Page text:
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Environmental Hero

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Tsunamis are killing unprecedented numbers of people… Coastal cities are sinking from increasing water levels… Godzilla may rise from the deep and wreak havoc on humankind… And such are just some of the outcomes that air pollution may bring…

Hold it!

I know-we’ve heard this all a million times! But as dreary as the conversation may be, it is nonetheless a conversation worth having. The harsh reality is that air pollution is a great problem, and the way in which we can solve it is through dramatic change in the use of fossil fuels-the most significant cause of air pollution. After considering that “nearly 40 percent of the world’s nitrous oxide emissions come from the burning of fossil fuels” (“Renewable Energy is Beneficial…”), it is clear that we need to rethink our current use of fossil fuels.

Humans pollute the air by releasing baffling amounts of harmful chemicals into our atmosphere. One such chemical is nitrous oxide: “Today, human activities release about 433,000 metric tons of nitrous oxide into the atmosphere each year” (“Renewable Energy is Beneficial…”). The source of these quantities is, for the most part, automobiles and factories. In addition to nitrous oxide, we pollute the air with carbon dioxide, “another harmful gas released into the atmosphere” (“Renewable Energy is Beneficial…”). Carbon dioxide is naturally absorbed by plants, but deforestation limits the amount of carbon dioxide Earth’s carbon cycle can naturally recuperate. As we can see, it stands that air pollution is complicated by some of the further environmental issues around it.

To wrap our heads around the importance of the matter, let’s look at the consequences of air pollution. Air pollution’s effects can be devastating: “Some scientists believe an increase in the temperature of the planet, brought on by the greenhouse effect, will lead to more weather-related natural disasters such as tornadoes, floods, droughts, and hurricanes” (Ausubel…). Such natural disasters kill millions every year and often level whole cities. The planet Earth operates on a delicate system of natural balance, and “scientists believe warming the atmosphere by even a few degrees could cause enormous changes to the environment” (Ausubel…). Humans are the only animals creating these effects on this scale and likewise are the only animals capable of stopping it. Furthermore, “scientists also predict a significant rise in sea level, which will reduce land size” (Ausubel…). Most major population centers are built along coastlines and are thus most susceptible to the fury of the seas. These places will, and do, feel the effects of violent weather and gradually changing shorelines most dramatically.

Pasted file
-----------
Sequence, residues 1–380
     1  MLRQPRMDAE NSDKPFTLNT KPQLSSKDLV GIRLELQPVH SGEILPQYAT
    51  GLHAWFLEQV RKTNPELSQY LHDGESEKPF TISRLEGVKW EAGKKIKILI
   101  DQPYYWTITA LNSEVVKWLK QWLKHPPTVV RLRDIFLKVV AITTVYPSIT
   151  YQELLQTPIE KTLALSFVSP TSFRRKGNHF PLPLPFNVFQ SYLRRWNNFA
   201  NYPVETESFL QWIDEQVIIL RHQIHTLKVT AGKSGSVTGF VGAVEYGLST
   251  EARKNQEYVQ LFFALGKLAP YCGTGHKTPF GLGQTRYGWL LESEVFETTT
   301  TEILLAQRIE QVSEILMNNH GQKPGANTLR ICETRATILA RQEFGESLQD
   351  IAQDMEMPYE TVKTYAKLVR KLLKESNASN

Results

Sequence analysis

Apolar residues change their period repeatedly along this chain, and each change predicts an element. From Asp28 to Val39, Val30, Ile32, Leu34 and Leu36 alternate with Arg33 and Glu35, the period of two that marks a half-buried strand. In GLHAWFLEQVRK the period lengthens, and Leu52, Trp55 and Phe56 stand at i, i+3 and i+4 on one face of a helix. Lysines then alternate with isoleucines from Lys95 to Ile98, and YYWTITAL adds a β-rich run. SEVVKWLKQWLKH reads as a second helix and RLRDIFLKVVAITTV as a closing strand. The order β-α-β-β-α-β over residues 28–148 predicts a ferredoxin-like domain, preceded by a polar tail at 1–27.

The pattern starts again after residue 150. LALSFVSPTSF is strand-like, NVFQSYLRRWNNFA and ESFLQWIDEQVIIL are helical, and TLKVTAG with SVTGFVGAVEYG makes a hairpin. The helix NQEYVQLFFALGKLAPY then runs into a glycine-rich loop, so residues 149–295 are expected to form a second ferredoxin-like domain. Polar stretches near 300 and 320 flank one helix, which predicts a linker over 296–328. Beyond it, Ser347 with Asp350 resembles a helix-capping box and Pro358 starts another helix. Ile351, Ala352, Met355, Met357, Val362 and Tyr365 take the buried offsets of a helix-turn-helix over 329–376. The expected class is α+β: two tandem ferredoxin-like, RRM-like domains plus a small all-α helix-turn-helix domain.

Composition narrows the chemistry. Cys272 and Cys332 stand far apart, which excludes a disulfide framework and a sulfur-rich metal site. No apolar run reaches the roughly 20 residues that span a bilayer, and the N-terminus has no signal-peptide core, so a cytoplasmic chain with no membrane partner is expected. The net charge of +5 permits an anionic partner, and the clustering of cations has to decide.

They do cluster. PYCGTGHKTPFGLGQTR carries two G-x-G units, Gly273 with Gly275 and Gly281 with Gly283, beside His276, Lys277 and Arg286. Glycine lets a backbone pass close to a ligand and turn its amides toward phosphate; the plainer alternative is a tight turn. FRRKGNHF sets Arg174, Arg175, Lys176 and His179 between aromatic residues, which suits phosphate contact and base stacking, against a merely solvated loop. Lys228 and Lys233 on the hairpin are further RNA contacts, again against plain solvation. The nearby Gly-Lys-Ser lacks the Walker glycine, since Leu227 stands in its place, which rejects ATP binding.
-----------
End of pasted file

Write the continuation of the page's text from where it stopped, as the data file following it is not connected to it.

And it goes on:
Despite all the doom and gloom, air pollution is not an unsolvable problem. In fact, the most convenient solution is a simple one: widespread adoption of renewable energy. Renewable energy’s practicality comes in the fact that it “does not deplete natural resources and creates little to no pollution when generated” (“Renewable Energy is Beneficial…”). This reduces air pollution because harmful gasses are not emitted into the atmosphere.